Culture

Top 5 Tips For Focus at Work

Our 5 top tips on increasing focus at work! A quick read for some inspiration to increase your focus today.

Focus is so important for our mental health. If we can’t focus, we will likely procrastinate and get behind on our work, leading to more stress and poorer work performance. Being able to focus and be productive in the work place builds a higher self esteem and pride in your work.

In this article we will share 5 top tips that can help you get your focus back on track. Some of these tips will be especially important for remote workers, but all can be applied to any work place. 

Tip 1. Manage your relationship with stress

If you want to read more about understanding stress and the benefits of stress reduction, please see our article here. If you adjust the factors in your life causing stress, work will become much easier and more enjoyable.  

When discussing stress, it’s essential to mention the autonomic nervous system. This nervous system is automatic and controls your heart rate, digestion, blood pressure, metabolism, urination and defecation, along with other crucial processes. Within the autonomic nervous system, there are two divisions: the  parasympathetic and sympathetic nervous systems. 

When we are stressed, we enter  into the sympathetic nervous system which increases our heart rate in order to escape a perceived threat; within this state, we are unlikely to be able to focus or concentrate on work or wider work related activities . Whilst the sympathetic system can serve a purpose, It is important to move back to  the parasympathetic nervous system again, in order to relax the body after this period of heightened stress. This system provides the foundation for increased creativity and encourages a state of flow within our work practices, as a result, increasing our overall focus and ability to effectively carry out our roles. Please see the image below to find out a little more about both of these states. 

Sympathetic and Parasympathetic nervous system

How we relate to stress can help increase our focus

If we are too stressed we cannot work at our optimum levels and focus will be impaired. Visa versa, if we are too relaxed it will again be hard to focus, as we might feel bored or not have enough stimulation to get working. It's good to find a balance at work in order to reach our peak performance. The image below shows how a healthy amount of stress can be conducive for work, but too much or too little can be damaging.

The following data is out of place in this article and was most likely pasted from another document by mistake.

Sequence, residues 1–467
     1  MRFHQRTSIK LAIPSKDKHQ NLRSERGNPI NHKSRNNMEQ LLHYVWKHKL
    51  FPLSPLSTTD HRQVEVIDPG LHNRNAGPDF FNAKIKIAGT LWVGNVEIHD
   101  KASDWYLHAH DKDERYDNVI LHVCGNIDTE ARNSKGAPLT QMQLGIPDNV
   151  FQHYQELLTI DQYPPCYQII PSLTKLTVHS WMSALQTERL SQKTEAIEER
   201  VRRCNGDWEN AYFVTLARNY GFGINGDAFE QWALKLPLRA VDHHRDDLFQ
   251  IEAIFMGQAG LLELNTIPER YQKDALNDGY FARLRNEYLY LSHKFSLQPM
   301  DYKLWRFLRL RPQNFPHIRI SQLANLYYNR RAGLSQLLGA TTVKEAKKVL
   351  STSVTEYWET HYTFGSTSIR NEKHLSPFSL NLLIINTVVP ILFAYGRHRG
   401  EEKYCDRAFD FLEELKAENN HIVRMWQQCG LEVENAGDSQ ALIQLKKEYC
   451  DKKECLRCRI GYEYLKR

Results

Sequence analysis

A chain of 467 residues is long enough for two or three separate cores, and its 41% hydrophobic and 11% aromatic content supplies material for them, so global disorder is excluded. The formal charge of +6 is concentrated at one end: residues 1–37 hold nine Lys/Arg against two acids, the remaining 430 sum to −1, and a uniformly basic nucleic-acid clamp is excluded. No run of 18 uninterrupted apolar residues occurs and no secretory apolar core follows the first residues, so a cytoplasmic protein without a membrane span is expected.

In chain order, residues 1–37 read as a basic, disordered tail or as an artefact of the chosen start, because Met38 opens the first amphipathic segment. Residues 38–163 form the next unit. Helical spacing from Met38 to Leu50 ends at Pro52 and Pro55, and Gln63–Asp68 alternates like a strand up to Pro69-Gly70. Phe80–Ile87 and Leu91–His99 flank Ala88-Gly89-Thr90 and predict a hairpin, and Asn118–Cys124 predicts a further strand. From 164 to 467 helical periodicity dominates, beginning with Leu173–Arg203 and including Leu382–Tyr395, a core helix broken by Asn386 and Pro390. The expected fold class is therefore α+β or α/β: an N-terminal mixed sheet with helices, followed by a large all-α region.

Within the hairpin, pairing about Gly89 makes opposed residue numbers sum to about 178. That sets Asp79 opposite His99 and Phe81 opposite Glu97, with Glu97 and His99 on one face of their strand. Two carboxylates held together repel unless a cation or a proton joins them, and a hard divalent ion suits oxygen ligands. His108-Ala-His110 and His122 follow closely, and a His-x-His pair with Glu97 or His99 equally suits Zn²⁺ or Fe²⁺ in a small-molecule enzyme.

Performance and stress

Tips for creating a balance

  • Speak to your manager about your workload. They won't know you're overloaded unless you tell them! Equally, let them know when you don't have enough work so that you can have a bit of pressure to reach your peak performance.
  • Meditation, mindfulness and grounding exercises are helpful if you are feeling overwhelmed. Take a moment to name 5 things you can see, 4 things you can hear, 3 things you can touch, 2 things you can taste and one thing you can taste. This 5 minute exercise can help ground us as we get back into the body and out of our minds. 
  • Read on for more tips!

Tip 2. Set timers and take breaks

There are a lot of different suggestions about how long the perfect time to work is before taking a break. It's important to play around with a few different times and see what works perfectly for you. It might also be good to have different methods for different days, depending on your mood, concentration levels and how much you've slept. 

Most research tends to suggest though that taking breaks short and often can in fact improve your focus throughout the day. Studies show that 90 minutes is approximately the amount of time that we can concentrate for before needing to take a break. Although, that particular study was created before smart phones were invented! 

The Pomodoro Method

The Pomodoro method is a great one to start if you haven't tried this method before. This method is found all over the internet and there are several online timers to help you along the way. This might be great for achieving those tasks that you don't feel motivated about, to give you an extra push in the right direction. 

Each 25 minute work segment is referred to as a tomato! A fun way of visualising your work segments. 

Pomodoro Method

  • The Pomodoro method has timers available to help you stick to 25 minutes work and a 5 minutes break. These have 4 cycles and then a nice 15-30 minute break to keep your focus.  
  • Setting tasks for 25 minutes at a time breaks down lengthy work into chunk-size bites (or tomatoes). The 5-minute break helps your mind re-focus. Even if it feels like you don’t need a break, you will be able to perform better, for longer.   
  • This method works because it priorities scheduled breaks, doing one thing at a time and getting a reward for completing small tasks. Completing small tasks increases dopamine levels and gets you on a roll for the next task.  

Tip 3. Change your environment to help your focus

Desk space

This tip is focussed on us remote workers, because office environments are usually already set up in a way to help you focus (besides those stories from lingering co-workers!)